RBA sees policy limits play out in New Zealand amid bank squeeze

An interest rate cut by the RBA would give little respite to homeowners and businesses that have already seen borrowing costs begin to rise, if this month's policy easing in New Zealand is anything to go by.

Australia's big four banks, which raised raised home loan rates last year and increased borrowing costs for businesses in February, also own the largest lenders in New Zealand. And so far none of them has passed on to Kiwi household borrowers the full 25 basis points of surprise stimulus delivered by the Reserve Bank of New Zealand last week.

First-home buyers are often priced out of the established housing market.
First-home buyers are often priced out of the established housing market. Photo: Ken Irwin

The RBA has left the door open for further easing as it supports investment and consumer spending in an economy weighed down by the end of a resources boom. Yet the banks face higher bond market costs and aren't feeling generous after raising a record $20 billion in equity last year to meet stricter capital requirements. They will increase interest rates and might not pass on any potential RBA cuts in full, according to Brisbane-based fund manager QIC.

"We have a view the banks will increase rates independent of the RBA before June as costs rise," said Katrina King, director of research and strategy at QIC. "That will make the RBA's work much heavier."

Bets on rate cut

QIC expects the RBA to cut its benchmark rate in the second half of the year, she said. Traders are pricing in a more than 80 per cent probability that the central bank will reduce its cash rate to 1.75 per cent from an already record low 2 per cent within the next 12 months, according to swaps data compiled by Bloomberg on late Tuesday afternoon.

Policy makers judged at their meeting on March 1 that it was appropriate to leave the cash rate unchanged at an accommodative setting as the economy rebalances away from mining-led investment, according to the RBA's minutes released on Tuesday. They reiterated that continued low inflation would provide scope to ease monetary policy further, if needed.


The RBA also noted that markets had been volatile after the Bank of Japan's January decision to implement negative interest rates and "there appeared to be more uncertainty about the direction and potency of monetary policy in the major jurisdictions."

ANZ Bank, the Commonwealth Bank of Australia, National Australia Bank and Westpac collectively account for 77 per cent of outstanding loans in Australia, according to regulatory data. Their subsidiaries control more than 80 per cent of the New Zealand market.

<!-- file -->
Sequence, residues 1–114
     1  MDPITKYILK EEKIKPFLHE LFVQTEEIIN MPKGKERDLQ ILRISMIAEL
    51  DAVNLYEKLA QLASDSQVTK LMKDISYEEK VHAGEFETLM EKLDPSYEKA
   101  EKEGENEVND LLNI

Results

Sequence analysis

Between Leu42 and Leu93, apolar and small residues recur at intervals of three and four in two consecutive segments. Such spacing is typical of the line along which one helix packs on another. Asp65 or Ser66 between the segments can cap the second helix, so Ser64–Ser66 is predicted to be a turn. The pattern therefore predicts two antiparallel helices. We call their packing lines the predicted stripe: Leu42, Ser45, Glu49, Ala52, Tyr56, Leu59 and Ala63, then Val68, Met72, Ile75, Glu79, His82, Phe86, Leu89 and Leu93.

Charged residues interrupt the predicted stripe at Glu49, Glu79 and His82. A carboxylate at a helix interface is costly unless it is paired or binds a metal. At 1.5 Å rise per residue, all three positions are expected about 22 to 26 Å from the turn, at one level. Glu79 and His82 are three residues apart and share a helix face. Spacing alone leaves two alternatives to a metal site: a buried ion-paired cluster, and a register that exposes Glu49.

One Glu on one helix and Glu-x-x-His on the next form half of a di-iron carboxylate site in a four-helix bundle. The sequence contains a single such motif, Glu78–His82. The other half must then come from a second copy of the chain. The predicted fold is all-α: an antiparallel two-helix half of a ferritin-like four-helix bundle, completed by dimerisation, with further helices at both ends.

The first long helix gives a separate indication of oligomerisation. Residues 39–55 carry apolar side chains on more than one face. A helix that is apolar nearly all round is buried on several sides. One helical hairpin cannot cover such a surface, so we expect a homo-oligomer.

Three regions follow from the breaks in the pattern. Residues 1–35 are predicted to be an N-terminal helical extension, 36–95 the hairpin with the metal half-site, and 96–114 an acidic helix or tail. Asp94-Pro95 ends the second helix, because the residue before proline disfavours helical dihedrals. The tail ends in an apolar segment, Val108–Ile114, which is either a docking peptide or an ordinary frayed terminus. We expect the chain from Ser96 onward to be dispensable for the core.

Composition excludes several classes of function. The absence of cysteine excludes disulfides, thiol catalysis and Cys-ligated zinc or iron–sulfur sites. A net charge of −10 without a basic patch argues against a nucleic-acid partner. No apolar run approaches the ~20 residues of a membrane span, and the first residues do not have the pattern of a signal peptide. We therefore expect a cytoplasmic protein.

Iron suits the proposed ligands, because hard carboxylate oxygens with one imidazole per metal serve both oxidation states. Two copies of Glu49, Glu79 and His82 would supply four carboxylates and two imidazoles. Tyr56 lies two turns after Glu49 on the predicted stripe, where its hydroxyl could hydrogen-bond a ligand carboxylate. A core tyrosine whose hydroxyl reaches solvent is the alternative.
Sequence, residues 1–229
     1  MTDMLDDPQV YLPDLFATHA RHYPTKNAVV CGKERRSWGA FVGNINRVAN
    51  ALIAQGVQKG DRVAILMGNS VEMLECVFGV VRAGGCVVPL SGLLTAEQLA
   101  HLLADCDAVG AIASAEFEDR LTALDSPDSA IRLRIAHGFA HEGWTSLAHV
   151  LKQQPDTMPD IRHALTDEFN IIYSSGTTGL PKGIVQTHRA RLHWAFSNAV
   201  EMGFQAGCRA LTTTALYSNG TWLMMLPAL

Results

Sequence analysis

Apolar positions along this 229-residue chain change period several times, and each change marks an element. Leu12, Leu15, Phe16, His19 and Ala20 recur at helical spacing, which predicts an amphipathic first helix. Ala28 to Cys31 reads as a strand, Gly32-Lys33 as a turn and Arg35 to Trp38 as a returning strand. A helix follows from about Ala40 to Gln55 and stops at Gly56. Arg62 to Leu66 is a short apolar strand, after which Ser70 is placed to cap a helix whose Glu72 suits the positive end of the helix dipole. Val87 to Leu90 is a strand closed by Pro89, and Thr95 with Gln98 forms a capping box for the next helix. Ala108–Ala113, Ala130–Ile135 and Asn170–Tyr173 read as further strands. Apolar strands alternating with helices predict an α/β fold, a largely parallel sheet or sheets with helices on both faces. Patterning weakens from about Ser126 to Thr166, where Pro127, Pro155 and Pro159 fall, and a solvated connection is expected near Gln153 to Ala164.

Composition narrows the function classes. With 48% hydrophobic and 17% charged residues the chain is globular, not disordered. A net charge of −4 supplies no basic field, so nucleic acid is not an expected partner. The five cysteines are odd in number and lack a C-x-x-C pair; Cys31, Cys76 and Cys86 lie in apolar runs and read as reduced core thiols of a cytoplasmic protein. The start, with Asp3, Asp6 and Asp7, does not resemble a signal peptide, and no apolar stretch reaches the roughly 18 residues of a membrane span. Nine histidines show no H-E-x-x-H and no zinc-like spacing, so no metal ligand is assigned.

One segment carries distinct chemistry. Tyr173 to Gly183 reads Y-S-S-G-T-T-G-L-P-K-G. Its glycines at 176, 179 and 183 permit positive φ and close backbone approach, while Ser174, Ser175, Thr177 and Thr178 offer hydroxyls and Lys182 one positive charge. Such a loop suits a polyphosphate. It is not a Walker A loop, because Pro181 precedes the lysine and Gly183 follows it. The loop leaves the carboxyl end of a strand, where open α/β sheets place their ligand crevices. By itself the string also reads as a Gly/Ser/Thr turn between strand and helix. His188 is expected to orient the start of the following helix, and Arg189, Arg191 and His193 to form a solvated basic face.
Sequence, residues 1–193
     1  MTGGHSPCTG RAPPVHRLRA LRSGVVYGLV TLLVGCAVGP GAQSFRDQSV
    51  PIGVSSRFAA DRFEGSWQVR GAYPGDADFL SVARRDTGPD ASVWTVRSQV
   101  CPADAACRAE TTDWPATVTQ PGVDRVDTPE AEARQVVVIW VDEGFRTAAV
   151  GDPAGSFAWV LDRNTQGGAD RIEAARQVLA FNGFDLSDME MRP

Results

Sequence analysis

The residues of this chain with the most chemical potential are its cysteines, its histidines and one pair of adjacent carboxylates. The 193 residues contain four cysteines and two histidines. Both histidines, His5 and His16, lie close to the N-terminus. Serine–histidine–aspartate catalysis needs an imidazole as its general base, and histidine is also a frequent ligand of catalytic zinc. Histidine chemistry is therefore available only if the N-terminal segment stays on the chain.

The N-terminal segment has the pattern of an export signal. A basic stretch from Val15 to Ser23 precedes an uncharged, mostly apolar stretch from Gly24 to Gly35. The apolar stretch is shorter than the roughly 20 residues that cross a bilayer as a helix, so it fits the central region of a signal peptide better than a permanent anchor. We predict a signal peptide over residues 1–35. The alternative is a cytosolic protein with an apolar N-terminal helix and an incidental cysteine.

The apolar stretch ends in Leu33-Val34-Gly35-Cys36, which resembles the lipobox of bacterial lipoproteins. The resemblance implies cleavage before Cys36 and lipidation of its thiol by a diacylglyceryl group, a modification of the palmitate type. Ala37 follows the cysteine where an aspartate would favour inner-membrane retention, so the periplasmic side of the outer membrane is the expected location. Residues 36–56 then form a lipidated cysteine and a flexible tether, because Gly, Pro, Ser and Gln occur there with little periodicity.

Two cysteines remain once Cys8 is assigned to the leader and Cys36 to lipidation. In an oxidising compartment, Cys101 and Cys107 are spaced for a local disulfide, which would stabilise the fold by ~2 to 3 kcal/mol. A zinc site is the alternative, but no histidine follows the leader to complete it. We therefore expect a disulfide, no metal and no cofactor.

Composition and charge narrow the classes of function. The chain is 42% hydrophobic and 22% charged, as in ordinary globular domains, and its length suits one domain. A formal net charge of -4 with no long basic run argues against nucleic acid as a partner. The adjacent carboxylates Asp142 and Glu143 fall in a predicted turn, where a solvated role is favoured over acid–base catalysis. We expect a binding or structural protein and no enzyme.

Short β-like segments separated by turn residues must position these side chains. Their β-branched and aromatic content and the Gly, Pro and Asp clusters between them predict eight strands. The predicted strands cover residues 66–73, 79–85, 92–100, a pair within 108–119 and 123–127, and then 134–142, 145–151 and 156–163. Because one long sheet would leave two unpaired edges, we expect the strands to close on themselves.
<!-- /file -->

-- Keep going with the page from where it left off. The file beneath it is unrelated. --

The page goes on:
History repeated

In the days following the RBNZ rate cut of 25 basis points, the New Zealand units of ANZ and Westpac dropped their variable home loan rates by 10 basis points, while Commonwealth Bank's ASB Bank reduced theirs by 20 basis points, according to statements from the lenders. Bank of New Zealand, owned by NAB, hasn't moved as yet, according to an e-mailed statement.

Their reaction was a repeat of what happened here last May, when the banks passed on only a part of the RBA's cut for the first time since 2012. Three of them went on to increase costs for propery investors in July and all four followed with a variable mortgage rate increase in October. They also raised business lending rates last month, citing increased regulatory and funding costs.

The average yield premium over the swap rate on financial company bonds in Australia climbed to 114 basis points this month, a level unseen since July 2013.

'Little room'

The big four saw their net interest margins, a key measure of lending profitability, fall to the lowest in at least eight years in 2015 amid increased competition and rising funding costs. Rate increases by the banks helped them arrest the decline toward the end of last year.

The banks' spokesmen declined to speculate on interest rate movements.

"If there is another RBA cut, I don't see the banks matching it in full as their costs are already elevated," said T.S. Lim, a Sydney-based analyst at Bell Potter Securities. "They have managed to stabilise margins by increasing rates and they have very little room to risk it."